I agree. I never have any idea why these two people take the positions they do, and its not as they are both principled actors anyway. I think, at this point, so many people are just hating President Obama for reasons that they cannot even intelligently repeat if they were asked. There are a lot of people out there with a constant, angry, apocalyptic-drama mindset, and are focused on Nov. 2nd, when they can "take out the trash." I can't wait to see what will happen with these people when President Obama is not re-elected; their lives are totally consumed with thoughts about him right now. For many, I think, it's just a game, and if Obama loses, then they 'win' and can go home. I'm fairly certain I will not be voting--once again--unless something crazy happens, like Sarah Palin or Glenn Beck getting nominated.

EDIT: and if anyone knows when this event will be replayed on TV, I'd like to know. Thanks.

EDIT TWO: I just had the scariest thought while thinking of a joke about why a Mormon and Pentecostal would get together for a religious event: To establish a presidential ticket! :worry:

Edited by RussK
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The fact that the Tea Party doesn't have a sound philosophical base is the main reason I don't associate with the party.

There are a lot of religious nuts based on posters and signs I've seen Tea Partiers holding. Although, that is probably a minority among the party, not a majority. Still, the fact that they're even there bugs me. I don't want to be apart of a party that includes religious conservatives. That is not part of my philosophy, and is actually in total opposition to it. How can you have a solid political party, that you want to consider yourself apart of, if there is no solid philosophy, no foundation to build on? Yes, they want limited governement, but so do Libertarians. On what grounds? Why do they want a limited government?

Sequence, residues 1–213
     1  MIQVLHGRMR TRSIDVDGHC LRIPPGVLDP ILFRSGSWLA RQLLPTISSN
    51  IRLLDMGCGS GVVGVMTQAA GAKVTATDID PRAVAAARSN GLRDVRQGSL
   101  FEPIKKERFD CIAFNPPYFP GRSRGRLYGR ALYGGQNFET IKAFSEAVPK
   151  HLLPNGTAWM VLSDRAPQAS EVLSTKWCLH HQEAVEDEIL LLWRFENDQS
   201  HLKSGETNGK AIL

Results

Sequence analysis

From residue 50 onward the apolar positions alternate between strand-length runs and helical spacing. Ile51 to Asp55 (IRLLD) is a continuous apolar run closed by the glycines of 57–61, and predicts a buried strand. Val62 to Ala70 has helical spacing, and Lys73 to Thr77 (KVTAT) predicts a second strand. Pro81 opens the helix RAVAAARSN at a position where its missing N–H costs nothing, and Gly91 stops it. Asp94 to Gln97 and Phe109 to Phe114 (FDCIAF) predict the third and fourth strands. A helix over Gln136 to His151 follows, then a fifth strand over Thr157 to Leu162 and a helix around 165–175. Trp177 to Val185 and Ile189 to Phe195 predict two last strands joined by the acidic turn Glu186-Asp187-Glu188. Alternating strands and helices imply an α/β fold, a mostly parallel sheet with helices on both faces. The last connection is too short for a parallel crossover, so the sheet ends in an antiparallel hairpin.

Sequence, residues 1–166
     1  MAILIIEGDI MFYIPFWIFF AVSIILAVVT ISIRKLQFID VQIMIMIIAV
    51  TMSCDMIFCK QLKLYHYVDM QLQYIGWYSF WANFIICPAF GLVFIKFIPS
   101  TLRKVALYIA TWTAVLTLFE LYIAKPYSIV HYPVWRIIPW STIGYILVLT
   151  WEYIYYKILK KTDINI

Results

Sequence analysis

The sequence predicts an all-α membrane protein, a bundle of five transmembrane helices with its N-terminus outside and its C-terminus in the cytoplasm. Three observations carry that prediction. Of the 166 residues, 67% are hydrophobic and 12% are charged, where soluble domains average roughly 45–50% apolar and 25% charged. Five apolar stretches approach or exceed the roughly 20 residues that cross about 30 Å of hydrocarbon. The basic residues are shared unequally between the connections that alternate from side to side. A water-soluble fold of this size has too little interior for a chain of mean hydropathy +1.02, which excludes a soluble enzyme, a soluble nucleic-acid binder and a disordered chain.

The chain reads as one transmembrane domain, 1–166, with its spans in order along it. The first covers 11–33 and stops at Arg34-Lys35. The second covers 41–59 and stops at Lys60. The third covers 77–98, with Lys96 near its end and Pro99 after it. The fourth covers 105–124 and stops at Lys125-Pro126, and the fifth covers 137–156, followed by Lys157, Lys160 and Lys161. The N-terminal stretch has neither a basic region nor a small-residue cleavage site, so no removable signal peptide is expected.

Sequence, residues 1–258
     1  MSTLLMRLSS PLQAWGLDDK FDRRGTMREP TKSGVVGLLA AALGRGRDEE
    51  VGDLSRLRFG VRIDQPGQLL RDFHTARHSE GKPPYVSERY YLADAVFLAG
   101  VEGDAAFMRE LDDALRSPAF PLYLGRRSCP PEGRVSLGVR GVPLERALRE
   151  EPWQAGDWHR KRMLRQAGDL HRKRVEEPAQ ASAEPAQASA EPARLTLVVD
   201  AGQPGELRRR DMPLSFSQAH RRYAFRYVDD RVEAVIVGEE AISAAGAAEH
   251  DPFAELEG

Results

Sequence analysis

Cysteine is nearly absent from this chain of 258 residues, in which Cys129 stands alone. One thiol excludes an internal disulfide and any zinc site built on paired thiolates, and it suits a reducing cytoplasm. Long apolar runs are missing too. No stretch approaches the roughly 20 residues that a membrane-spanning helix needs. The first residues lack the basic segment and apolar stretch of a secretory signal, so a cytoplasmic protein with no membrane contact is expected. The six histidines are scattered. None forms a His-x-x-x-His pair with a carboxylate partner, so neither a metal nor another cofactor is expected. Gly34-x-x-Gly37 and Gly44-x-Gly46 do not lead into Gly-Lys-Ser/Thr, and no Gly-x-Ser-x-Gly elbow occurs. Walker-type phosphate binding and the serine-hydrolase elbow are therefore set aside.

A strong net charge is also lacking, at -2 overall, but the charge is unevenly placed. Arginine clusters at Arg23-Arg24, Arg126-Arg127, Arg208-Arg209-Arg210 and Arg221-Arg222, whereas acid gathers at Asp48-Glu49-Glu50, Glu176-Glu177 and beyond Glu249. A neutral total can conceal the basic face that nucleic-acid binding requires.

The hierarchy of philosophy (metaphysics > epistemology > ethics > politics) is too important to me. I can't see myself accepting a party that doesn't start at the very base of my philosophy, all the way back to the roots.

Also, I do think that Glenn Beck is trying to hijack the Tea Party. And the fact that it can be hijacked at all is the very reason I don't want to affiliate with it.

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The Tea Party movement is decentralized, grass roots movement that is based on the recognition that our Republic is being destroyed piecemeal by a political class that is completely unresponsive to the citizenry, and who, in fact, hold us in contempt. The fact that people are involved who are religious should come as no surprise, as the vast majority of the population of this country are religious. To dismiss these people, to hold them in contempt because of their religious views and to dismiss them as ignorant baboons strikes me as arrogant.